0

Featured Post

PRTG Network Monitor: Intuitive Network Monitoring

Network Monitoring is essential to ensure that computer systems and network devices are running. Use PRTG to monitor LANs, servers, websites, applications and devices, bandwidth, virtual environments, remote systems, IoT, and many more. PRTG is easy to set up & use.

Question has a verified solution.

If you are experiencing a similar issue, please ask a related question

Suggested Solutions

Title # Comments Views Activity
Windows 8.1 Enterprise Pauses Frequently 27 85
Network bottleneck identifier 13 51
google exe file 5 67
NAT/PAT unable to config correctly 7 17
This paper addresses the security of Sennheiser DECT Contact Center and Office (CC&O) headsets. It describes the DECT security chain comprised of “Pairing”, “Per Call Authentication” and “Encryption”, which are all part of the standard DECT protocol.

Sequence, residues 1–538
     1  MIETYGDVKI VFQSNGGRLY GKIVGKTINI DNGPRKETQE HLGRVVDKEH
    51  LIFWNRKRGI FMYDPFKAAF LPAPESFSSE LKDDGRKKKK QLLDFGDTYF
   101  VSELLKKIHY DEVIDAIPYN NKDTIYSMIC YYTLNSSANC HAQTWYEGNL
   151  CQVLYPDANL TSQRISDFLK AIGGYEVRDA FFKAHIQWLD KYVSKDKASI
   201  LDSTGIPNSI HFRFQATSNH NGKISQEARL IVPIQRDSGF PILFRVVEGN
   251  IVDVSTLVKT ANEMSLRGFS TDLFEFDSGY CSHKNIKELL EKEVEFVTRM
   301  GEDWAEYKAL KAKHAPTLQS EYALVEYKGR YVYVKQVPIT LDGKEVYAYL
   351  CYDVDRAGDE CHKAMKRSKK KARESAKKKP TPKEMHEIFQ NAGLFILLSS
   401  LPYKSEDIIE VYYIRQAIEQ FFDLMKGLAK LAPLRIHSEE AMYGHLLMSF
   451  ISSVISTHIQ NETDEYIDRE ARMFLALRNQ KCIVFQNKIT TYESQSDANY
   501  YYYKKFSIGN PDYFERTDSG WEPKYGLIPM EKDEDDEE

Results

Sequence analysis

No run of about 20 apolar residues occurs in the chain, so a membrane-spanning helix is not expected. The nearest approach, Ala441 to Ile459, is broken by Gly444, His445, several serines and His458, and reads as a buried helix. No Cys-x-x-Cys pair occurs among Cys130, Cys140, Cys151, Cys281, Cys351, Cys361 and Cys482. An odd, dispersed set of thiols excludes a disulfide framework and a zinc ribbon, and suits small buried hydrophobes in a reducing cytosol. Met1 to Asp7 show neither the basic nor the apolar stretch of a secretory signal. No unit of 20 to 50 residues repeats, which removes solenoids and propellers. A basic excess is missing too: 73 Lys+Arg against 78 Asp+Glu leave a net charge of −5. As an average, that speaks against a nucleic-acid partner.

I had an issue with InstallShield not being able to use Computer Browser service on Windows Server 2012. Here is the solution I found.
After creating this article (http://www.experts-exchange.com/articles/23699/Setup-Mikrotik-routers-with-OSPF.html), I decided to make a video (no audio) to show you how to configure the routers and run some trace routes and pings between the 7 sites…
In this tutorial you'll learn about bandwidth monitoring with flows and packet sniffing with our network monitoring solution PRTG Network Monitor (https://www.paessler.com/prtg). If you're interested in additional methods for monitoring bandwidt…

837 members asked questions and received personalized solutions in the past 7 days.

Join the community of 500,000 technology professionals and ask your questions.

Join & Ask a Question